Cover 3 is a weekly feature column written by PewterReport.com’s Tampa Bay Buccaneers beat writer Trevor Sikkema published every Tuesday. The column, as its name suggests, comes in three phases: a statistical observation, an in-depth film breakdown, and a “this or that” segment where the writer asks the reader to chose between two options.
Sikkema’s Stat of the Week
Here’s the thing about Doug Martin.
The Tampa Bay Buccaneers aren’t going to give up on him as easily as you’d think, regardless of the shelf life of the position, and, to be honest, they shouldn’t. In fact, we – myself included – were wrong to think otherwise during the offseason.
In his rookie season, Martin was fifth in the entire NFL in rushing yards with 1,454. At the time, that was the eighth-best rookie season ever for any running back in NFL history, a pretty rare feat, if you ask me. In 2015, he was second to only Adrian Peterson in yards on the ground with 1,402. Martin also had the highest yards per carry average of any running back that season who recorded over 1,000 yards.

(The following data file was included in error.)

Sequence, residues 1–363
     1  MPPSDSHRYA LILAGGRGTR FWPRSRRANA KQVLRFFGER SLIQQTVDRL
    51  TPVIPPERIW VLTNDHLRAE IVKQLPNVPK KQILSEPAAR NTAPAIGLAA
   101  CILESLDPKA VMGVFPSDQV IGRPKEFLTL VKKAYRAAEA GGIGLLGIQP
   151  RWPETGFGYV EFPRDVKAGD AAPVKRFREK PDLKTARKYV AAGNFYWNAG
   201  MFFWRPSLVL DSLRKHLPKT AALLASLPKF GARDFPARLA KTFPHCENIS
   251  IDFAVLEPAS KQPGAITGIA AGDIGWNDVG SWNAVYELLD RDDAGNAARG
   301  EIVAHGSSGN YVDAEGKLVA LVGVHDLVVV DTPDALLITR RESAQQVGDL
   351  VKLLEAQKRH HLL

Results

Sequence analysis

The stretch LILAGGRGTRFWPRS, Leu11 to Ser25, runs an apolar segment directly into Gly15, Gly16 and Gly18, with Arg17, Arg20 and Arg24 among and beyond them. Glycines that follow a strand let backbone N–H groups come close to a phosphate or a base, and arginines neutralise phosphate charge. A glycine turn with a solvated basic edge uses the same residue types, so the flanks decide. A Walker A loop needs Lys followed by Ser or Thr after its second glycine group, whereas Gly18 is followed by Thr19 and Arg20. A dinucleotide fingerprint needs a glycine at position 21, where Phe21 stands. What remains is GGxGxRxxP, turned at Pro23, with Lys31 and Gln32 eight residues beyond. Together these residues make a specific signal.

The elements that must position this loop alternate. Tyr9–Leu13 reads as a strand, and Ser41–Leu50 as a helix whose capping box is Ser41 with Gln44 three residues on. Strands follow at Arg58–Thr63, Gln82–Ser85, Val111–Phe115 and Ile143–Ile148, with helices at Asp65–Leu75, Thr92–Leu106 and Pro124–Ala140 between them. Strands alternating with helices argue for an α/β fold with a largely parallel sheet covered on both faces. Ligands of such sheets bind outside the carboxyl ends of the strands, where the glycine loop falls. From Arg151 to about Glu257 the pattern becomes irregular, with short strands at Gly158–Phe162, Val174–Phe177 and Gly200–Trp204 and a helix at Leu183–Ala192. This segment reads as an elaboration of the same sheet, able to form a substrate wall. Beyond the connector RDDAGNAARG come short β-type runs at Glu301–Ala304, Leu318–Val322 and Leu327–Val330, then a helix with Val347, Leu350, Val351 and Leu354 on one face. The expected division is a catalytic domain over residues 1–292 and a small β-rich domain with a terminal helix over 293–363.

“But, Trevor, what about him missing three of his five seasons due to injury?”
A valid question, one that Martin cannot outrun, even in his finest seasons. But, here are some things to chew on when bringing that up. Even with three seasons where he failed to recorded at least 500 yards on the ground (injuries), all of which involved a yards-per-carry average of less than 4.0, Martin is not only the fourth-leading rusher in franchise history, but he’s also still tied for the highest YPC average of any player in the Top 10 of that group. That tells us what? That when he’s healthy, Martin has been one of, if not the, most talented Buccaneers running back in the history of the franchise considering he’s 28 years old and missed a good amount of time. If you give Martin the 563 carries he’s short of franchise leader, James Wilder, Martin’s average (and even slightly below) easily eclipses Wilder’s mark, and would make Martin the only Buccaneer to ever rush for over 6,000 yards. That’s something that could happen in the next two or three years.